The Bad Ad program asks health care providers to report violations to the agency, anonymously, if desired. According to the FDA, the most common violations involve omitting or downplaying the risks of a medication, overstating the effectiveness of a drug, promoting off-label uses of pharmaceuticals and making misleading drug comparisons.

Unintended consequences. Directly or indirectly, the FDA’s stepped-up, get-serious approach to misleading prescription drug advertising and inappropriate drug promotion has everyone sitting up and taking notice. Dr. Trattler is concerned that the FDA’s recent push to clamp down on discussions of off-label uses of medications between physicians and pharmaceutical representatives will stifle research and ultimately deny patients access to needed therapies. Next-generation antibiotics are a particular concern. “Pharmaceutical representatives are not allowed to mention or promote the off-label uses of drugs,” Dr. Trattler said. “Because of this, certain pharmaceutical companies have recently decided to no longer have their reps promote the latest generation of topical antibiotics because these medications are so often used off-label.” Drug manufacturers are concerned that a sales rep might inadvertently discuss an off-label use, putting the company at risk of being fined or sanctioned by the FDA.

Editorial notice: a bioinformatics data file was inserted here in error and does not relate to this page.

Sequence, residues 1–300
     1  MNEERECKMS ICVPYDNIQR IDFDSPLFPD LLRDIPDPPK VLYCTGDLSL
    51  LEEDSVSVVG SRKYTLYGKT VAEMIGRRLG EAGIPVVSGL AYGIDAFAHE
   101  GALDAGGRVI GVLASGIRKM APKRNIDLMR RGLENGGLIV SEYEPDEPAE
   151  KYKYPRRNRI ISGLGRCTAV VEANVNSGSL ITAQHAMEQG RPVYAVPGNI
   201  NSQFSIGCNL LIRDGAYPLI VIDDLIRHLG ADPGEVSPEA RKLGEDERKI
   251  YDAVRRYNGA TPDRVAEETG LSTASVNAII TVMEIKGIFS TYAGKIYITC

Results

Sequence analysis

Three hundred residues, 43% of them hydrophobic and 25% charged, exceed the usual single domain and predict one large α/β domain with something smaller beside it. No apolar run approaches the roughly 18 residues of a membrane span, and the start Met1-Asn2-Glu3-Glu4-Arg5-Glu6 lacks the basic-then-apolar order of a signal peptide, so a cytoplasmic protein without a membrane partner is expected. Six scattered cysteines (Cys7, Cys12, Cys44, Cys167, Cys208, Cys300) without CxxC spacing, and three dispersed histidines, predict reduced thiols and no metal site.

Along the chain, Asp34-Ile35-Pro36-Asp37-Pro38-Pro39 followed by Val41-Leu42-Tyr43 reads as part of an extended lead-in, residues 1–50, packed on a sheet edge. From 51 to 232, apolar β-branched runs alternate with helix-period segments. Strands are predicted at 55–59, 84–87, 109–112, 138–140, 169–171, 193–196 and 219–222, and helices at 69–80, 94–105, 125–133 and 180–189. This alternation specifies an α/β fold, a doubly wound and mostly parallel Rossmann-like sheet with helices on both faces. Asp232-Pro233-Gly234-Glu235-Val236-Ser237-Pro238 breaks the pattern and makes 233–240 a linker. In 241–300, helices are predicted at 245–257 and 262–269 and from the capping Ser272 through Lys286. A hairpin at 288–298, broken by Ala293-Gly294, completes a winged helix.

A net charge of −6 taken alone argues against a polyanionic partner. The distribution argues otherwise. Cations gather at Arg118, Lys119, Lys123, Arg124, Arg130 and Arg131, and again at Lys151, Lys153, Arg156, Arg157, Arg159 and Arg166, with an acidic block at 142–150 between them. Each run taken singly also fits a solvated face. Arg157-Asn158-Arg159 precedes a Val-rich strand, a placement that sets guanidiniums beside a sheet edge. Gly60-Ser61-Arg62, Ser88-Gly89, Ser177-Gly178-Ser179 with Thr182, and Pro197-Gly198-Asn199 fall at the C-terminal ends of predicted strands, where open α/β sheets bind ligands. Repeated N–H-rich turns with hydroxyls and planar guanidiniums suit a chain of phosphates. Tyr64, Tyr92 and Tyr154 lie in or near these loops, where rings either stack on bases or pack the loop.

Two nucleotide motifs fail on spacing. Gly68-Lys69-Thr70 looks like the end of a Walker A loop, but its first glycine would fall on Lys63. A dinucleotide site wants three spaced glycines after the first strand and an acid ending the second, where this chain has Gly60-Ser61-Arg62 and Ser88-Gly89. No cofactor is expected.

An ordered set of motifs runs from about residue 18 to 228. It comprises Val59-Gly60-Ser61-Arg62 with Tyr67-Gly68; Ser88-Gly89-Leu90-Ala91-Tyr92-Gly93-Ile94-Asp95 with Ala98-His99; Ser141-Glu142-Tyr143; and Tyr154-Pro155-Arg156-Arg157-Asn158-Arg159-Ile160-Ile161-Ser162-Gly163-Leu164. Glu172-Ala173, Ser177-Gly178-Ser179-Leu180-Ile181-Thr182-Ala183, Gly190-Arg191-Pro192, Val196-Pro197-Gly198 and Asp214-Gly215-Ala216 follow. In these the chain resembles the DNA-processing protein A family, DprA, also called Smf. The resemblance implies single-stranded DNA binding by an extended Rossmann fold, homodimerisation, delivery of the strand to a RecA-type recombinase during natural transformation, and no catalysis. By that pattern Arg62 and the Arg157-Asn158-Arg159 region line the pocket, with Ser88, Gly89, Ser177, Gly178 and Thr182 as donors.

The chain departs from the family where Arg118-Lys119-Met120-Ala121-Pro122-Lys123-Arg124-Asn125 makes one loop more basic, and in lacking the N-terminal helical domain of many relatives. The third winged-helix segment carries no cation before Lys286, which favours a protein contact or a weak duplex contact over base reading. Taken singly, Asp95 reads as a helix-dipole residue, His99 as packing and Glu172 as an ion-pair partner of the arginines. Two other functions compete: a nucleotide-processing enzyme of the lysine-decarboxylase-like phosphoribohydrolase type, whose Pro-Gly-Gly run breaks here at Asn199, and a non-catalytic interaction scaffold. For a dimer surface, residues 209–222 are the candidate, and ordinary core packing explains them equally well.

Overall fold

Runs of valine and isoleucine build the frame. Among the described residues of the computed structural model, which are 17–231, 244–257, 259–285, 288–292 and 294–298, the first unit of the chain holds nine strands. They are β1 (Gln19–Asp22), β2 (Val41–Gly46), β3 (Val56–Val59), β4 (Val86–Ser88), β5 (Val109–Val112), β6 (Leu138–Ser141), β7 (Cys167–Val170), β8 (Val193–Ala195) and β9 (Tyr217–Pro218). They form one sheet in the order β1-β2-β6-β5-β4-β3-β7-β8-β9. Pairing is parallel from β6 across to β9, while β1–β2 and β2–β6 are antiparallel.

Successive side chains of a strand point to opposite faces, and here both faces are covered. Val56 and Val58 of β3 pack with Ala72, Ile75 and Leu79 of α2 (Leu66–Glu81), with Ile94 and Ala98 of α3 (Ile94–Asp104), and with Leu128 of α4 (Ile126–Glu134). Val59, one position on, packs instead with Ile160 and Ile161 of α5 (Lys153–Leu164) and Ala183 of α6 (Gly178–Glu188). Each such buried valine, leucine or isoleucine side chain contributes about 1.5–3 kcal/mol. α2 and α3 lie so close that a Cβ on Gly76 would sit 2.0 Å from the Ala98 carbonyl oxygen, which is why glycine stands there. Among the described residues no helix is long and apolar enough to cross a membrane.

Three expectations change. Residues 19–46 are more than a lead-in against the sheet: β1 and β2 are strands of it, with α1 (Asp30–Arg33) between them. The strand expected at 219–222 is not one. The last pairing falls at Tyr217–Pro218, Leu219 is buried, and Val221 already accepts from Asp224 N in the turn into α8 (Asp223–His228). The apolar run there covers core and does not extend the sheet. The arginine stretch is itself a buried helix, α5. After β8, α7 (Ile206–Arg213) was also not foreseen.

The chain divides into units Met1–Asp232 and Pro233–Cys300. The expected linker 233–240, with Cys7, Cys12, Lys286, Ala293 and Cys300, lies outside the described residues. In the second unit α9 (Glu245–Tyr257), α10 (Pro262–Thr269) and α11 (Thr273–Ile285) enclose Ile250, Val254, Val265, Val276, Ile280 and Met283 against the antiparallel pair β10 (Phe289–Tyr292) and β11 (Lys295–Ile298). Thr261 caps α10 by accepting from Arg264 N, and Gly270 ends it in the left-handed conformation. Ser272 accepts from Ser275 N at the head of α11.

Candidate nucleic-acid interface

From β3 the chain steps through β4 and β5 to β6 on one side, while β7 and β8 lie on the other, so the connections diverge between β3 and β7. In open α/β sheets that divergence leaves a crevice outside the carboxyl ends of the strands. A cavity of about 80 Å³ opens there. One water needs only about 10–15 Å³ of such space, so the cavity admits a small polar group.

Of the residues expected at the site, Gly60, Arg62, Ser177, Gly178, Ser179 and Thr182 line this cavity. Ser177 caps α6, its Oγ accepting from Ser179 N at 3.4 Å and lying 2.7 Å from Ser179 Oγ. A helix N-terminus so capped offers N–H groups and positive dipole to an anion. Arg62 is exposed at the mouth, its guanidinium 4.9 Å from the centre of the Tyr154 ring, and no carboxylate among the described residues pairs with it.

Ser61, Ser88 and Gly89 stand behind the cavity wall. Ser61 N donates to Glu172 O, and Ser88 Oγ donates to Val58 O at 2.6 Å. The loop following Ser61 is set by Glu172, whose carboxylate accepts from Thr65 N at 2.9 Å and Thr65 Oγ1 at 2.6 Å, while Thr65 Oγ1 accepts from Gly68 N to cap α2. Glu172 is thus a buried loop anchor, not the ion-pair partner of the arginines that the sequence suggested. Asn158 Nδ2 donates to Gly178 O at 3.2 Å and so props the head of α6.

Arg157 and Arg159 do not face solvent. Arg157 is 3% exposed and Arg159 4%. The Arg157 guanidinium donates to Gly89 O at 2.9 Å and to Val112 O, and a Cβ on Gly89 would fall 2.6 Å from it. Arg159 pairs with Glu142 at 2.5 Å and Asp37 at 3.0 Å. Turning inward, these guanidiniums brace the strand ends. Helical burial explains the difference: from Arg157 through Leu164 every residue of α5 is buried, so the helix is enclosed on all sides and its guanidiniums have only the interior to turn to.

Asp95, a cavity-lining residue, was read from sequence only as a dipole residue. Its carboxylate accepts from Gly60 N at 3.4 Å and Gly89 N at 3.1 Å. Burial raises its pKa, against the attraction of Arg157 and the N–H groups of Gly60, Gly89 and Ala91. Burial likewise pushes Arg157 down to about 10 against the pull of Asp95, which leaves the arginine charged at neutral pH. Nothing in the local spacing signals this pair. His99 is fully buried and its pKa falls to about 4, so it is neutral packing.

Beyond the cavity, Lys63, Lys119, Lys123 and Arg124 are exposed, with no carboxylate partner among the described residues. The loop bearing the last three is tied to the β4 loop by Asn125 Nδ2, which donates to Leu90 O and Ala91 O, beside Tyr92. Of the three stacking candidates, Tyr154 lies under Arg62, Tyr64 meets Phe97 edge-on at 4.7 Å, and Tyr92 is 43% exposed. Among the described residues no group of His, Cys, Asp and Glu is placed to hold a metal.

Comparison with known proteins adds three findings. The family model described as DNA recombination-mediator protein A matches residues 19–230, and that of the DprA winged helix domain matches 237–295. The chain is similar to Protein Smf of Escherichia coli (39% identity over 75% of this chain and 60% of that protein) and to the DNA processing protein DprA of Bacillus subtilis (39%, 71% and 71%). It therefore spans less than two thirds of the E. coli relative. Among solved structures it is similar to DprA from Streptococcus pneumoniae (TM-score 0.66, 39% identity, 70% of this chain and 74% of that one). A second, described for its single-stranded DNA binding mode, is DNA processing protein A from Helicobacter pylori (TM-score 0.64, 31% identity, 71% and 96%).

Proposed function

No more freebies and maybe less research? Dr. Trattler added that some pharmaceutical companies have also stopped distributing samples of medications that are commonly used off-label. He also worries that companies will have very little incentive to develop the next generation of topical antibiotics. With growing antibiotic resistance, ophthalmologists and their patients might then be left without new antibiotics to take over when the current generation loses its effectiveness. “An important consequence of pharmaceutical companies not being able to discuss off-label uses of their medications is that, to a great extent, these companies have stopped funding research for off-label uses,” Dr. Trattler noted. “With a topical nonsteroidal drop, for example, the question might arise—‘How effective is this topical NSAID for preventing cystoid macular edema?’ But the reality is that because the pharmaceutical company can’t discuss with physicians whether or not the drug works, it no longer has the interest to support the funding required to pursue it. That’s really going to hurt our patients because we won’t learn about alternative uses and medication regimens that are off-label.”

Dr. Trattler expressed his concern that ophthalmologists will, over time, find themselves with fewer choices of medications, fewer new medications being developed and an insufficient understanding of how to use the medications they have in ways other than for their approved indications.

Dr. Trattler is a consultant and/or has received research support for/from Alcon, Allergan, Bausch + Lomb, Inspire and Ista. Dr. Williams reports no financial interests.